Named "the most photographed lampost in Devon", this beautifully painted, ornamental lampost is situated on a small roundabout near the Umbourne bridge at the eastern end of Colyton, and is an absolute delight. An unusually ornate Victorian cast iron post, the decoration includes a coat of arms on the base and a garland around the stem.
Some of the other details can be seen in the above photo, painstakingly painted in colour against a white background. Apparently, there were several similar lamposts in and around the city of Exeter, but sadly they were sold off to private purchasers when new roads were built or old ones widened or redirected, and new, modern lamposts were installed. I believe a few of these found their way into private gardens.
The other lampost, below, began it's life as a drinking fountain. So, it isn't exactly in the same category as the decorated lamposts, but I felt it defintitely deserved a look and a mention. By the way, apologies for the differences in the photos. I first took photos of both lamposts some four years ago, and used some old Kodak stock film that a friend had given me. The effect can be seen in the photo below; rather pastelly with a blue overcast. I hadn't originally intended to include the drinking fountain, so I re-took photos of the decorated lampost last year. However, now that I've decided to include it I haven't got the patience to wait until I can go back again to take more! Maybe later. :)
Erected on March the 10th, 1863, with the surplus of funds collected to commemorate the wedding of the then Prince of Wales. The inscription on the photo is quite clear to me, but having had a disastrous foray into a new LED widescreen monitor, I realise that my photo may look completely different to how it does on my now 'reverted back to' CRT monitor, therefore I've written out the words below. My eyes may never recover!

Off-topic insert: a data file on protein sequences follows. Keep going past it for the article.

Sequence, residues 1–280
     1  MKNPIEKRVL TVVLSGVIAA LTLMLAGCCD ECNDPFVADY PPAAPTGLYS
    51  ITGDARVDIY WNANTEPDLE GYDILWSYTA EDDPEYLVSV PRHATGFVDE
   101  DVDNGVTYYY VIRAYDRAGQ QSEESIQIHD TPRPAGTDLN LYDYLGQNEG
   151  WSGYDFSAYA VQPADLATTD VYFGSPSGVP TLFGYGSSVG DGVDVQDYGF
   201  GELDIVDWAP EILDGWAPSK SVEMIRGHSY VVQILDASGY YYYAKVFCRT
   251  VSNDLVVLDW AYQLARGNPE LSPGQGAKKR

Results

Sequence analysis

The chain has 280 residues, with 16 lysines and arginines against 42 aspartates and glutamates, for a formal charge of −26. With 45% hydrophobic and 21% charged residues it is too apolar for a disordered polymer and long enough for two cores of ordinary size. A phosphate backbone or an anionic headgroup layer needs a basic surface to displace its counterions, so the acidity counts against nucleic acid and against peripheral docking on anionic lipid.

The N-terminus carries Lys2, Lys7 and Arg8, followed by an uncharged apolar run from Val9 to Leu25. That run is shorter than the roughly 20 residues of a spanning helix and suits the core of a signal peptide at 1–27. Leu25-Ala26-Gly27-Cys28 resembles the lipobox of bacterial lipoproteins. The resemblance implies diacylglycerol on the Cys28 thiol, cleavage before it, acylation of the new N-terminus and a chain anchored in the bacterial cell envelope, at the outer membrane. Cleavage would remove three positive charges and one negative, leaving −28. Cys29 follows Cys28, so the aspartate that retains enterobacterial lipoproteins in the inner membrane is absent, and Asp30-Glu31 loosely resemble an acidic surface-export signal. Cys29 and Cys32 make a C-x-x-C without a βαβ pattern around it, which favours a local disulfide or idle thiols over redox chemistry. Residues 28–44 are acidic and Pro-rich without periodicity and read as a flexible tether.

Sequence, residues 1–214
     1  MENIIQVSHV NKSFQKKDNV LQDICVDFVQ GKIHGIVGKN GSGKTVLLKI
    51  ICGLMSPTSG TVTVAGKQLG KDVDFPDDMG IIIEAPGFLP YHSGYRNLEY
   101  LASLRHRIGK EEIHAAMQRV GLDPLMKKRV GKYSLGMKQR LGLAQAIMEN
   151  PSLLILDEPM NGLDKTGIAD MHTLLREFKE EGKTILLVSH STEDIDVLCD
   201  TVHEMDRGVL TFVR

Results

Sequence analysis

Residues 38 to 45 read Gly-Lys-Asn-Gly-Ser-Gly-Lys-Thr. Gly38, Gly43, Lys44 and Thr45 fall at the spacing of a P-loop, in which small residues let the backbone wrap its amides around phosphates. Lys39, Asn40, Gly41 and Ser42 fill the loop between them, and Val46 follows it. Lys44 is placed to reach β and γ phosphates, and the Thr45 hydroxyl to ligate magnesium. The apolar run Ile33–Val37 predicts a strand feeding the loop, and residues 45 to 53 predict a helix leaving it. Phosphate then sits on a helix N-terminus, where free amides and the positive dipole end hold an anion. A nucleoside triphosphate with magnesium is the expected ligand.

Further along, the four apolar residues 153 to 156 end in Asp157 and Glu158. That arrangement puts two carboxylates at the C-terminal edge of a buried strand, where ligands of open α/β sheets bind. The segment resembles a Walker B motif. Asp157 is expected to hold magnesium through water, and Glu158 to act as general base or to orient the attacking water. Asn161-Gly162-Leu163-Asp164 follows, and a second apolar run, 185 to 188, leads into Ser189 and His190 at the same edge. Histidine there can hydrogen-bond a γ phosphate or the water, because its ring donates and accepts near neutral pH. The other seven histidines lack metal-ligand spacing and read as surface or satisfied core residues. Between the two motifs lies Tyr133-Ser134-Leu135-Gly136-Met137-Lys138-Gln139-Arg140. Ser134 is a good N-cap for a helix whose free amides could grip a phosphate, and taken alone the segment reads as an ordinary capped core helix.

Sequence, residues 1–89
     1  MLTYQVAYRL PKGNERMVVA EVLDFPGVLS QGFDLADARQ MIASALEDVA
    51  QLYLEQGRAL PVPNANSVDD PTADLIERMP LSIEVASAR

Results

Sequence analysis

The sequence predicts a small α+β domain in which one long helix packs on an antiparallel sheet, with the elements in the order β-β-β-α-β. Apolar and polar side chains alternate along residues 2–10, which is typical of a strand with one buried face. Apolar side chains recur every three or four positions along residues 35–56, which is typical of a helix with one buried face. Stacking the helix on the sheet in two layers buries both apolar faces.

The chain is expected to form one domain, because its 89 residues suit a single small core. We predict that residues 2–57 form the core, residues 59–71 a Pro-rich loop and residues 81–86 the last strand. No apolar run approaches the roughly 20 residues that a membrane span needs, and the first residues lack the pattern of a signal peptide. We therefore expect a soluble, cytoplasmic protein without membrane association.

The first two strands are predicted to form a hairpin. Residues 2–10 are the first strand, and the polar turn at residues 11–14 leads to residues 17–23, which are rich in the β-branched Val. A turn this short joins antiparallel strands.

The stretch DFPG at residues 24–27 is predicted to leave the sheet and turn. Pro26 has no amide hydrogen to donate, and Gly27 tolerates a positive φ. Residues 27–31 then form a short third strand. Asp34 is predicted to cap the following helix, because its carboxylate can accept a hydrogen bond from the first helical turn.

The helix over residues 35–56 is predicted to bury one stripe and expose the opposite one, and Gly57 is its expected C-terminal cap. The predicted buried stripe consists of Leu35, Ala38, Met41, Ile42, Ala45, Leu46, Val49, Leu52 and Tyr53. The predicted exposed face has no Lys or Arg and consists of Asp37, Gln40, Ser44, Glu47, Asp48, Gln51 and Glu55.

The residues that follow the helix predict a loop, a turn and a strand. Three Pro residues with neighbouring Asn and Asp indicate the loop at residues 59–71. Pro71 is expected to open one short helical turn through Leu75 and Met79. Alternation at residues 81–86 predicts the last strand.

"March 10 1863 has been devoted to the erection of this fountain by the patriotic protestants of Colyton, as a permanent memorial of that national triumph and vindication of their own loyalty by vote of committee".
Interestingly, during the Monmouth rebellion of 1664, Colyton earned an entry in Chancery records as "the most rebellious town in Devon". As they had sided with the protestants we can see why they were keen to show their loyalty and be vindicated for their rebellion.
Manufactured by Garton & King, Iron Founders of Exeter, who can trace their trading history back to 1661. They have a fab website including a well documented history, which I've added below.http://www.exeterfoundry.org.uk/
And another view of the first painted lampost, showing it's somewhat precarious position at the junction.
These photos and a couple more can also be seen in the Photo Gallery album.